What sort of youth centers do young people really want?
Fifty secondary school children will debate the question 'If young people had more choice and control over the money spent on youth services, would they set up traditional youth centres?' Recent research at the University of Lincoln found that providing youth services helps prevent youth crime and by engaging young people in shaping their future it has a positive impact on their behaviour.
This event aims to discover what types of youth services young people really want. The group, aged between 12 and 14, will first see the activities offered by a traditional youth centre, a multi-million pound lottery funded facility called 'Myplace', as well as a sports outreach service which makes use of local venues. On returning to the university they will debate what they liked best, and which activities they would purchase if they were provided with a personalized youth budget.
"It will be fascinating to see which youth activities the young people decide to buy," says Sue Bond-Taylor, the lead researcher of the study. "Will the smart building of the 'Myplace' youth centre be intimidating to them or will the traditional youth centre be seen as old-fashioned or not cool enough? Perhaps they don't need a building at all and would prefer an outreach service?"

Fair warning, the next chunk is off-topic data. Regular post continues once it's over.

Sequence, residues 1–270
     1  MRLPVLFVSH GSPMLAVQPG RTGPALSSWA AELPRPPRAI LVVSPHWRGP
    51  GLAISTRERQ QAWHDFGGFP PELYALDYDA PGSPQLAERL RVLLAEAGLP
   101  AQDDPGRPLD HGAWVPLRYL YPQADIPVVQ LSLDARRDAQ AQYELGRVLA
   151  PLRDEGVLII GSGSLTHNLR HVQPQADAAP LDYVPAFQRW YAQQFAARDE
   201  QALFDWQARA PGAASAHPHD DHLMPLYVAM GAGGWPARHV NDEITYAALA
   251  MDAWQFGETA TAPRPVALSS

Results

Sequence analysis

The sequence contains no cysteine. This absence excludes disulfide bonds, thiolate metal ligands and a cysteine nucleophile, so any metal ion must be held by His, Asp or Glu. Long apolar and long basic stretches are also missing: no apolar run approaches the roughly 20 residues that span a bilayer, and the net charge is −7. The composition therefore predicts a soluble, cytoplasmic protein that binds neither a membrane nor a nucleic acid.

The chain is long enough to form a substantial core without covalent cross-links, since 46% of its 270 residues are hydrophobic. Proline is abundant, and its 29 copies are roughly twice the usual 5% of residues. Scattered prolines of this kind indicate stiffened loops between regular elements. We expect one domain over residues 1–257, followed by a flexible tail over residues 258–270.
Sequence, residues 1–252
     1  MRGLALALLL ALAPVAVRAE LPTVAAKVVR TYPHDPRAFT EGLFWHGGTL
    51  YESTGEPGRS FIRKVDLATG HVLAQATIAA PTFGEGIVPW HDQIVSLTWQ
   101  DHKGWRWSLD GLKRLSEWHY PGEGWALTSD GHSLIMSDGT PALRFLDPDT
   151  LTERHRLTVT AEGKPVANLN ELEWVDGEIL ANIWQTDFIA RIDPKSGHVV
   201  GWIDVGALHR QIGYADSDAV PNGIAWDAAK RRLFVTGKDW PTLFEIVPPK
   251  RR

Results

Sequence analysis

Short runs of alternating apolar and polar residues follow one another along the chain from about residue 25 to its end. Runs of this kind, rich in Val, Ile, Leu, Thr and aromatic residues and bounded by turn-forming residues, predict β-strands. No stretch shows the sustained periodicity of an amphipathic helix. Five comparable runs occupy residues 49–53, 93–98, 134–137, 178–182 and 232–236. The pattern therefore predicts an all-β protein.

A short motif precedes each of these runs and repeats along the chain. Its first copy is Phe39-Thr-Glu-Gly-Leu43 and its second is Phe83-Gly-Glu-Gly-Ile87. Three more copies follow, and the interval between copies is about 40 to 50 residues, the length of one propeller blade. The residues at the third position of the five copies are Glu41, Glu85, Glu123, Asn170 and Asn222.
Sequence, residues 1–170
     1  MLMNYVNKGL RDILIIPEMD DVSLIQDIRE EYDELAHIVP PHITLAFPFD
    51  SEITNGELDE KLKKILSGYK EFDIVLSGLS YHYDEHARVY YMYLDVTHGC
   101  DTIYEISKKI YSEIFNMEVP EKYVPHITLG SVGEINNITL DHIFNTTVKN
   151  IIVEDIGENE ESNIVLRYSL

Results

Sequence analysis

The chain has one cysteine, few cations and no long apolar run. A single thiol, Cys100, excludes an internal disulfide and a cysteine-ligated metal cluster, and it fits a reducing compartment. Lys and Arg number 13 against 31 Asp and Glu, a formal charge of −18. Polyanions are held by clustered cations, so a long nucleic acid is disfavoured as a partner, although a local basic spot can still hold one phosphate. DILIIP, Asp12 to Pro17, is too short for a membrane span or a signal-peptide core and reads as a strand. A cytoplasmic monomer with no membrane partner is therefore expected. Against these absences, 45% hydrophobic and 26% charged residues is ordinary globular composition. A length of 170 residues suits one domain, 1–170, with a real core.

Their research shows there is no single factor or activity that can stop young people turning to crime. Instead, there are a wide range of interventions, from the availability of youth mentors to building young people's self esteem, that help keep young people out of trouble with the authorities.
The event aims to empower young people in Lincoln. Participants will have to decide which services should be prioritised and how to distribute the limited resources in support of Lincoln youth. The choices will inform the participating youth centres and be presented to a member of Lincolnshire Youth Parliament, which helps set the city's strategic plan for services for young people.
"Young people are the most intensely managed age group in the country, yet they are the least consulted," points out John Bustin, co-organiser and former manager of Lincolnshire's Youth Crime Prevention Team. "The event will give us a snap shot of what young people think about the youth services that adults provide for them and about the value for money of these services. We may well be surprised!"